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February 09, 2006

Robert George on civic education

Thanks to Brett Marston for directing me to Robert P. George's essay, "What Colleges Forget to Teach." This a thoughtful comment by a major conservative scholar. In essence, George objects to the balance of political ideas and materials that college students experience as undergraduates and before they arrive on campus. They should, he thinks, understand the importance of limiting the powers of the federal government, of restraining judges, and of empowering the states. They should understand the lasting virtues as well as the vices of the American constitutional order.

I agree with all this and find it useful--especially George's conclusion that "the reform and renewal of civic education in our nation is a noble cause. We must make it an urgent priority." My agreements with George are more important than my disagreements. However ...

1. I'm not convinced that the balance of ideas that students experience is so far from what George would prefer. Generally, when either liberals or conservatives decry the content of social studies classes, they do so innocent of any statistical evidence about what is actually taught and discussed in schools. There are anecdotes about egregious teaching that can incense people across the spectrum from Howard Zinn to Robert George himself, but no one knows how common these stories are. In 2004, we asked a national sample of young Americans to recall two major themes from their social studies classes:

  • 29.8% recalled "great American heroes and virtues of the political system"
  • 38.6% recalled "The Constitution or U.S. system of government and how it works"
  • 7.8% recalled "racism and other forms of injustice"
  • 14.8% recalled "wars and military battles"
  • 5.2% recalled "problems facing the country today"
  • These results should make George happy (and lefties unhappy), although I admit that George might not like some of the details of what students learn. For instance, it's possible that they are exposed to a liberal interpretation of the Constitution rather than the views of the Federalist Society--but who knows?

    Second, what students are taught is only part of the issue. There's also the question of how they are taught. Do they sit in large lecture halls being informed about the Constitution (from a radical, liberal, or conservative perspective)? Do they debate constitutional principles in small groups, moderated by a well-informed teacher? Do they conduct ambitious projects of research, service, or advocacy that involve constitutional principles? I'm not wedded to any one approach, but I suspect that the way we teach has much more impact than what values we try to convey in lectures.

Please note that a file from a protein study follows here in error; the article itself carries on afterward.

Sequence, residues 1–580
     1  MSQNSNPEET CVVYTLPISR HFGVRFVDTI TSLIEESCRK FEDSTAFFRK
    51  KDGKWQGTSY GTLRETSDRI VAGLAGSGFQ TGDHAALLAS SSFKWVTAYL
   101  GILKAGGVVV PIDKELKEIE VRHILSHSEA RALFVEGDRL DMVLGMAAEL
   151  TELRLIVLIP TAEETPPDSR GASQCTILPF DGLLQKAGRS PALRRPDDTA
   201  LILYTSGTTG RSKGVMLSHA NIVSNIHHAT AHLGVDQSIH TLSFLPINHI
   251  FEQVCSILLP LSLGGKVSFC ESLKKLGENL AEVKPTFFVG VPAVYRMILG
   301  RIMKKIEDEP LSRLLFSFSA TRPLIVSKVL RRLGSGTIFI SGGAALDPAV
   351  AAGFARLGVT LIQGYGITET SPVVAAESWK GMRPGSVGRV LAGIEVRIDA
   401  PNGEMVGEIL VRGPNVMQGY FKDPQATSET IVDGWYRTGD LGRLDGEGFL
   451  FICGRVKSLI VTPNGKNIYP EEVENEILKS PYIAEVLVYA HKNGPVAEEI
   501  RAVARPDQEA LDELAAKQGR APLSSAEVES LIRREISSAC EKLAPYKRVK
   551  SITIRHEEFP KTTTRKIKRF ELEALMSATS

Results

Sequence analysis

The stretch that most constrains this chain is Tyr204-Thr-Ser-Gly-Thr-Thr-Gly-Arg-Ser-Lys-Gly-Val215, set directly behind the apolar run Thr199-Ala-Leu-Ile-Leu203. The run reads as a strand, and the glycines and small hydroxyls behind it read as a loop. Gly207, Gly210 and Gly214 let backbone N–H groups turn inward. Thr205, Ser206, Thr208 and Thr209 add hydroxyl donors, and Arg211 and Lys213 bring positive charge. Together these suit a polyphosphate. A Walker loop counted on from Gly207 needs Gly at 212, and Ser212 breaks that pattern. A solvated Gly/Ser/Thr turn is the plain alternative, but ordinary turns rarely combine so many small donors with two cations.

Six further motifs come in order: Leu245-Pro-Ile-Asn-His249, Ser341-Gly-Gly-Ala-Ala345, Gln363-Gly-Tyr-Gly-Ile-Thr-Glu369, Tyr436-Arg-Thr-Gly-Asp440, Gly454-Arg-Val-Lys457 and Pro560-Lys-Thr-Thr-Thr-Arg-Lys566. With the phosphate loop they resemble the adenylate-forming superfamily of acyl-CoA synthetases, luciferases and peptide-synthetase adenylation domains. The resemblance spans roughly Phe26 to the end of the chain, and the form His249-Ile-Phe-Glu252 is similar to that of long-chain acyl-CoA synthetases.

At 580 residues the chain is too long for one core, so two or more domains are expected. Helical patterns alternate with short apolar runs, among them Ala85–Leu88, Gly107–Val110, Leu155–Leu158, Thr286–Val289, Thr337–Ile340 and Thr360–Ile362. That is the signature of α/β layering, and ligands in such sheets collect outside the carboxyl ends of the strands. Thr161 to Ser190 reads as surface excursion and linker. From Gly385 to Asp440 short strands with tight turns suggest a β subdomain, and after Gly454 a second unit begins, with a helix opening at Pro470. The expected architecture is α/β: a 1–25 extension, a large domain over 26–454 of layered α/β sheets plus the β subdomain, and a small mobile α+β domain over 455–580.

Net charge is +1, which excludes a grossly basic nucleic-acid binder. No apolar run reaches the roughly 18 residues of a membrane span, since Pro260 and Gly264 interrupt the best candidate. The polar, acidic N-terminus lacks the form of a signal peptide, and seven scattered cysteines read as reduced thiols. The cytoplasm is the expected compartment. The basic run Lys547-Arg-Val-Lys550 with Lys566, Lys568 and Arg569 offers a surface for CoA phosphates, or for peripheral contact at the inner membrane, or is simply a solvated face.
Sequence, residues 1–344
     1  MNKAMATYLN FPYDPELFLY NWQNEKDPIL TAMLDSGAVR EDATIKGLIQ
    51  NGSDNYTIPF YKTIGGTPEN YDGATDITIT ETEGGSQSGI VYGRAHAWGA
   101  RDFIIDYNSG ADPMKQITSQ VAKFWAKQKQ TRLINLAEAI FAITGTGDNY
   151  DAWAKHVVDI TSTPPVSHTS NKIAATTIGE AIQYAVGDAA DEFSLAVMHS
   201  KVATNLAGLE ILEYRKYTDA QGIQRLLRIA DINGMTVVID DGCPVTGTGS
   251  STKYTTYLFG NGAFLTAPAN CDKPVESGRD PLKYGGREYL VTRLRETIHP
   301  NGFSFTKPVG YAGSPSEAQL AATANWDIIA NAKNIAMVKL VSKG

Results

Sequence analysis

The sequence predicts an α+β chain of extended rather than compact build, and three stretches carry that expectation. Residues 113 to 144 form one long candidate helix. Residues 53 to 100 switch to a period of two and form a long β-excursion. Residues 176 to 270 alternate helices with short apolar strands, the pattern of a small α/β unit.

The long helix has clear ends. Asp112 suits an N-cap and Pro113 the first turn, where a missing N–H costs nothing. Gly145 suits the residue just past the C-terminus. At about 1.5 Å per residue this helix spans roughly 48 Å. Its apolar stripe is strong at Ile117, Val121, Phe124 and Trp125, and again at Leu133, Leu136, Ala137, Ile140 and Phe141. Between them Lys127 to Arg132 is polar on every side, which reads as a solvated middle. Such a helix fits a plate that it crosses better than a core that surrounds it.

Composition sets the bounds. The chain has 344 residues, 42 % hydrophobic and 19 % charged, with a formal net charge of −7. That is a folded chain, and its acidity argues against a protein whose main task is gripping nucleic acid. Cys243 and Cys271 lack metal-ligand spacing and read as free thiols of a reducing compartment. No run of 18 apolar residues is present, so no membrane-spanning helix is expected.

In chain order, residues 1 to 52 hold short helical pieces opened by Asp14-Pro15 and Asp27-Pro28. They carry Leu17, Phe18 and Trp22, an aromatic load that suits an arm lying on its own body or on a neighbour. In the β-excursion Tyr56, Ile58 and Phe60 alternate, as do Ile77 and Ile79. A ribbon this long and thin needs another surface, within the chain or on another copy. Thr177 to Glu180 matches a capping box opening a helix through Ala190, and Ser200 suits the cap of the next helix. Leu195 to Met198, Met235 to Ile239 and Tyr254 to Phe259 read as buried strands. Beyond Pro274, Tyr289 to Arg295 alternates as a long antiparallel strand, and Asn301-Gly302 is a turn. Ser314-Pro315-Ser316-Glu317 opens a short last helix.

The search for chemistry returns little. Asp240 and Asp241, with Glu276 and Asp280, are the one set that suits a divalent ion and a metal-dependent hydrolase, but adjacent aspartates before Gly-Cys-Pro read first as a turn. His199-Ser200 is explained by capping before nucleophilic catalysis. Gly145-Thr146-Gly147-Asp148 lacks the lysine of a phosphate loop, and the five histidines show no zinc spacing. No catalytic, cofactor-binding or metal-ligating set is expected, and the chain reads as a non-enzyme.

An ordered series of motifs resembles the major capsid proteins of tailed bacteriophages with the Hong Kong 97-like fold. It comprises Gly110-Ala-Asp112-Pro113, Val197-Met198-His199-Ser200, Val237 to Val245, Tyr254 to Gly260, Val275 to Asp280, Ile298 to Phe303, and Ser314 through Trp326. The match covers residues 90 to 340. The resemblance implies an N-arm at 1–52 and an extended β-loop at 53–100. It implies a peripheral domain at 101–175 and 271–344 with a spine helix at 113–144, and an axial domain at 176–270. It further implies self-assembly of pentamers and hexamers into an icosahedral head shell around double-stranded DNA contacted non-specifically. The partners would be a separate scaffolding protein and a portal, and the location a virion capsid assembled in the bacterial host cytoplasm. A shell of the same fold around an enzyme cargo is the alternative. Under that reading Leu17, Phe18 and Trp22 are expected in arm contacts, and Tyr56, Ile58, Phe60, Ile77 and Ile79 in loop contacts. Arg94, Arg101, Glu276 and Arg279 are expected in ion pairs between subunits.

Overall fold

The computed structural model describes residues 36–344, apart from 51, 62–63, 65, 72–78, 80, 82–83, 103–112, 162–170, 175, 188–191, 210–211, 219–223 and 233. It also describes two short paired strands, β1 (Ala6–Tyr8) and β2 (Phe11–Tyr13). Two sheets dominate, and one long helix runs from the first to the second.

3. George is no doubt sincerely committed to civility and to an open-ended, ideologically diverse discussion of principles. He is perhaps right that his own perspective is undervalued in the academy. But the difficult part is not agreeing on civility or diversity as abstract principles--the hard part is making concrete judgments. For instance, George describes the situation in academia as "dire" and provides some illustrative "horror stories," such as Princeton's decision to give a "distinguished chair in bioethics to a fellow who insists that eating animals is morally wrong, but that killing newborn human infants can be a perfectly moral choice." That fellow is, of course, Peter Singer. His view is a coherent application of utilitarianism, which is a 200-year-old position with roots in ancient thought and much influence on modern conservatism. I'm no utilitarian, but I don't see how a university can regret attracting one of the most original and influential philosophers of the current era.

    Posted by peterlevine at February 9, 2006 11:23 AM


    From Mica Stark, via email:

    I came across George's essay a few weeks ago and it has spurred some good conversation at Saint Anselm College. I want to echo and underscore the point you make though: it's about the how. I suspect that intellectuals and practitioners on both the left and right could arrive at a shared understanding of what a young, engaged citizen should know and be able to do. However, what gets far less attention is how young people are being taught civic knowledge and skills. It has been my experience that if meaningful opportunities are created for young people to: 1) identify public issues they are passionate about 2) discuss that issue and core concepts of democracy with their peers and an educator 3) learn and practice civic skills 4) and be given the support and structure they need to apply their knowledge and skills to a public issue --- they become thoughtful, active engaged citizens. The civic education discussion (movement) needs to move past the content. It is important and there is common ground. We need to focus the conversation on how we are going to achieve the goal of preparing a young person to be a lifelong citizen.

    Posted by: Peter Levine [TypeKey Profile Page] at February 13, 2006 02:14 PM

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